Sajid Javid has made clear that fresh Covid restrictions could be imposed before Christmas to slow the spread of the Omicron variant, with ministers set to make a decision in days.
Government insiders expect an announcement to be made early next week about whether social mixing will be curtailed before the festive period – potentially including a cap on the number of families that can meet, or even hospitality closures.
“We are assessing the situation; it’s very fast-moving,” the health secretary said on Sunday, when asked about whether new curbs could be implemented before Christmas.
Pressure on the government over Covid curbs has been intensified by the shock resignation on Saturday night of the Brexit minister, David Frost, who made clear that his objection to the plan B measures put in place last week was one of the reasons for his departure.
Any additional restrictions would be likely to spark a furious backlash from Tory MPs, with sceptics adamant there is not enough information yet to make a decision.
But Javid took that argument head on, suggesting ministers may have to act before they have the full picture, given the time lag between infection and hospitalisation.
“There’s a lot of uncertainty, there are gaps in the data, but we must work with the data we’ve got, we mustn’t let perfection be the enemy of the good,” he said.
One cabinet minister suggested Javid and the government’s scientific advisers appeared to be preparing the ground for an announcement in the coming days, saying, “I think we are all being warmed up for it”.
The health secretary’s blunt intervention came after government advisers warned that without tougher measures, hospitalisations across England could be set to peak at between 3,000 and 10,000 a day, and deaths at between 600 and 6,000 a day.
Minutes from a meeting of the Scientific Advisory Committee on Emergencies (Sage), held last Thursday, showed the experts urging the government to implement “more stringent measures … very soon”.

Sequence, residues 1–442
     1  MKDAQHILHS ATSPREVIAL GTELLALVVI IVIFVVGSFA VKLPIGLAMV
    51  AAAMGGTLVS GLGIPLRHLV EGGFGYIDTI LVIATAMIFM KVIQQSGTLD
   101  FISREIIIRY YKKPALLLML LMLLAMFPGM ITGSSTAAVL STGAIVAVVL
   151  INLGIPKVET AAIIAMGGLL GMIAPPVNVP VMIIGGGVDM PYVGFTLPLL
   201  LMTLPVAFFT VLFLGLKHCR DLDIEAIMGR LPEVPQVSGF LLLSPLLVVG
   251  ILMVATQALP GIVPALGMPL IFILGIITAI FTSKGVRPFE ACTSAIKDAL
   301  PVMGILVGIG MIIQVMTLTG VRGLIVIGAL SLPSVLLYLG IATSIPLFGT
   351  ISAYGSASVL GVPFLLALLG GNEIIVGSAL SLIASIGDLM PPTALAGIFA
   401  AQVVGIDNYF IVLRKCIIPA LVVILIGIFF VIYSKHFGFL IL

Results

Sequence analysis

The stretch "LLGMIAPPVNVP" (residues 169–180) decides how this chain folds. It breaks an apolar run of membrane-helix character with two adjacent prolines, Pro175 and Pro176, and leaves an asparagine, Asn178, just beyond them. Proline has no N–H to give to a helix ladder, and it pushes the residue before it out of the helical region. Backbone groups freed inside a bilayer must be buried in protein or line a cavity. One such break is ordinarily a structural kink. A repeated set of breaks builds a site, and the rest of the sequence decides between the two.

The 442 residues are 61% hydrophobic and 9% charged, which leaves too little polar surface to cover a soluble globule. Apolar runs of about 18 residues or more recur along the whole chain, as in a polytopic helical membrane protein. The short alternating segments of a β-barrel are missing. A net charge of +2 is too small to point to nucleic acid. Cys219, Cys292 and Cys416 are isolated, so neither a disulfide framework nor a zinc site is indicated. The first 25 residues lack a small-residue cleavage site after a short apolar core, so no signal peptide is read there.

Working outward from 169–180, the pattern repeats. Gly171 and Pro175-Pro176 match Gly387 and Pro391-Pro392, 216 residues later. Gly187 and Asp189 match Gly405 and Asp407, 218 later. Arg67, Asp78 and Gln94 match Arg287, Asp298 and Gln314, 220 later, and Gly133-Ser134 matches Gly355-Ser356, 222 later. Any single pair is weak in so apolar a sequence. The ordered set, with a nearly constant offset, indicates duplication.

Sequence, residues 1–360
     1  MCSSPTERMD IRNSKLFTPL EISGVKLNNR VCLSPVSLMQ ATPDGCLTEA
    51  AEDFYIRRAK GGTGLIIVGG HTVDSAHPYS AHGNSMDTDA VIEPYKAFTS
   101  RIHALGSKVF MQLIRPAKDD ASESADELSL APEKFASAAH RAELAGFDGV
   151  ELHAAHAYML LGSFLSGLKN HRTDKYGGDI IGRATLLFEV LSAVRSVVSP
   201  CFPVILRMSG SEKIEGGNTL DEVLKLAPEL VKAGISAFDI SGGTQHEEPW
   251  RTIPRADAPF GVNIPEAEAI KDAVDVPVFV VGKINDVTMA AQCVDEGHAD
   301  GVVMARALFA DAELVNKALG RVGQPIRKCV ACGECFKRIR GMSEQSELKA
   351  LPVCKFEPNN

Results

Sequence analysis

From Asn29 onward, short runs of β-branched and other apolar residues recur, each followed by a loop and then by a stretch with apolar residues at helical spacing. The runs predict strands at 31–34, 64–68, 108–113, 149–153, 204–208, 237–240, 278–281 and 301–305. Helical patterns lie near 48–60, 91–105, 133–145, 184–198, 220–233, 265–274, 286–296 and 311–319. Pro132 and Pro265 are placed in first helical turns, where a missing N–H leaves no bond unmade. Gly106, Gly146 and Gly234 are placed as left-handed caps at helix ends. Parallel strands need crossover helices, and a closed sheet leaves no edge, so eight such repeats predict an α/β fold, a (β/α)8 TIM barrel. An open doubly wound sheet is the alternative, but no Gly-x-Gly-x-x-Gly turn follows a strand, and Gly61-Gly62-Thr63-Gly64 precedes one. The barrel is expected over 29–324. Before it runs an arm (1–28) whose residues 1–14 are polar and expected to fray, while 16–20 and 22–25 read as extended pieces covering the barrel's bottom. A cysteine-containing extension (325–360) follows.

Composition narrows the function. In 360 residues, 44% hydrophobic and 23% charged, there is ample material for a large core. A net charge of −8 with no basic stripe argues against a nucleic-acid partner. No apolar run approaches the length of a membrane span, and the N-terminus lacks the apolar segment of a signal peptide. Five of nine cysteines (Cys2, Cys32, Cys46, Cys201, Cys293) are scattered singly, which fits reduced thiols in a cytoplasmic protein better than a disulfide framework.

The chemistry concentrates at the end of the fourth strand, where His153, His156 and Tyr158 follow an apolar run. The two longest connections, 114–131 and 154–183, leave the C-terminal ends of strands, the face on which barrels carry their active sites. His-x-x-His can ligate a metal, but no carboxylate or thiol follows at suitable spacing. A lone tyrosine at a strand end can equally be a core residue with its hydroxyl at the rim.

They suggested a return to step one or two of the roadmap out of lockdown earlier this year. Even at step two, household mixing was only allowed outdoors, with a maximum of six people or two households. Pubs were only allowed to serve customers outside.
“The timing of such measures is crucial. Delaying until 2022 would greatly reduce the effectiveness of such interventions and make it less likely that these would prevent considerable pressure on health and care settings,” the scientists warned.
Pressed about Sage’s advice, Javid said: “It’s a very sobering analysis, we take it very seriously.” He said he and his colleagues would be assessing the advice, but also had to take into account the wider effect of potential measures, including their economic effects.
Scientific advisers see doing nothing as a major gamble: a lot would have to go right for the NHS to weather the storm, such as the disease being milder, and boosters holding up well.
In nearly all of the modelling considered by Sage on 8 December, it will take an intervention as effective as January’s lockdown to keep hospitalisations below previous peaks.
Speaking in a personal capacity, Mark Woolhouse, a member of the Sage modelling subgroup and professor of infectious disease epidemiology at the University of Edinburgh, said the government had to juggle protecting the NHS, saving Christmas and avoiding a lockdown, while heading off such a huge absentee rate due to illness and self-isolation that it disrupted essential services.